Walk into a petrol station in the UK and you might see an Amscreen advertising things to you. But it's not only you who's doing the looking; it is looking at you too.
ExclusiveA second software licence broker has been kicked out of the Federation Against Software Theft (FAST) in what appears to be a crackdown against those selling its members' software at discounted rates.
10 years of FacebookThe rise of Facebook helped to ruin the data centre hardware market, caused IBM to sell its x86 business to Lenovo, spurred HP to embark on an ambitious "Moonshot" server, and encouraged Dell to go private.
Tesla CEO Elon Musk has admitted holding a tête-à-tête with Apple - but has refused to disclose the exact nature of the discussions.
While even emergency services have embraced Twitter as a way of conveying information to people quickly, the premature obituaries and malicious rumours seen on the social network every week show that you cannot trust what others tweet.
New IT grads and Java and .NET jockies are being re-trained to run mainframes by big companies desperate to replace a generation of IT staff giving up work.
MEPs have asked Brussels' competition boss Joaquin Almunia to explain to the European parliament why he thinks that a planned settlement deal he recently struck with Google over its dominant search biz in Europe is good enough to address concerns about the ad giant's alleged abusive tactics.
+AnalysisPutting a man on the Moon cost less than what Facebook paid for WhatsApp, a generic chat app. So why is Facebook paying $45 per user to gain functionality it already has?
The European Space Agency is planning to launch its own planet-hunting observatory in 2024, after the mission was chosen for the Cosmic Vision 2015-2025 programme.
Apple's appetite for sapphire glass is so voracious that it has bought up enough of the display material to keep a lesser company going for three years, it has been claimed.
VMware will next week launch a hybrid cloudy infrastructure service to take on Amazon in the UK, using only channel partners rather than his own employees to do so, a move many old world tech vendors have so far failed to make.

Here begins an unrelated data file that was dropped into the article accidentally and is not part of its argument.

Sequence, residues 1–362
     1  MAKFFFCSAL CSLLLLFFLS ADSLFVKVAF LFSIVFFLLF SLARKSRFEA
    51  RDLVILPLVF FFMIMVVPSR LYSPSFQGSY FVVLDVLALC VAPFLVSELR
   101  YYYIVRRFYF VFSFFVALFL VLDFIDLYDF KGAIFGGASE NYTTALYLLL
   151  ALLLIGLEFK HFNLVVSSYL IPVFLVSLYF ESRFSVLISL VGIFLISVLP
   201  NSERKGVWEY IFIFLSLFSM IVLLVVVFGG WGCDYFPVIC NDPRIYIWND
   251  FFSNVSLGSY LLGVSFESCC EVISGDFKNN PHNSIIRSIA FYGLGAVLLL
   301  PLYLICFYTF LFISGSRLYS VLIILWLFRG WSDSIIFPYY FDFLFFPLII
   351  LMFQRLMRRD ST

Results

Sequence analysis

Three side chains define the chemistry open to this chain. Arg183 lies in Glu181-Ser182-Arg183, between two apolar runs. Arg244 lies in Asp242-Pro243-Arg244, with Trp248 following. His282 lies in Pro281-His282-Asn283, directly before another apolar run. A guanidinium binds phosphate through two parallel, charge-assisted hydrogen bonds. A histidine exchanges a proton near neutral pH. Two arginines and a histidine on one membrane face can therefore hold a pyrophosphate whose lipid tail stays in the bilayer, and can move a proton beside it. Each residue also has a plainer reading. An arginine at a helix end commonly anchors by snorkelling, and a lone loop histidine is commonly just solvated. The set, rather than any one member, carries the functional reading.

Huawei has crushed the SPC-1 benchmark lists for hybrid SDD-HDD arrays with its OceanStor 18800 delivering over a million IOPS.
TV retransmitter Aereo, which created its business hoping to weasel around a loophole in the law, has been banned in six US states after a judge granted a preliminary injunction that bans it from operating in them.
The Winklevoss twins have returned to the tech world with the announcement of a new Bitcoin price index called Winkdex.
A new variant of the bank-account-raiding Zeus malware apparently uses the ancient technique of steganography to update its list of websites to subvert.
Adobe has released an update to address critical flaws in its Flash Player software, one of which is being actively targeted in the wild.
One day after rebranding its cloud storage service as OneDrive, Microsoft has relaunched the web-based versions of its Office productivity applications under the new, friendlier moniker of Office Online.
Seagate subsidiary LaCie has launched a set of external storage boxes using a 5TB Seagate hard drive – even though disk maker Seagate hasn’t officially launched a 5TB part.
Google hasn’t just kept Motorola's patents in its deal with Lenovo, it's also keeping the mobile manufacturer's skunkworkish Advanced Technology and Projects (ATAP) group.
HP has reported better than expected financial results on the back of strong server sales and – unexpectedly – good performance in the struggling PC market.
Microsoft has given a significant overhaul to Windows Phone App Studio Beta, its web-based tool for building simple apps for Windows Phone 8.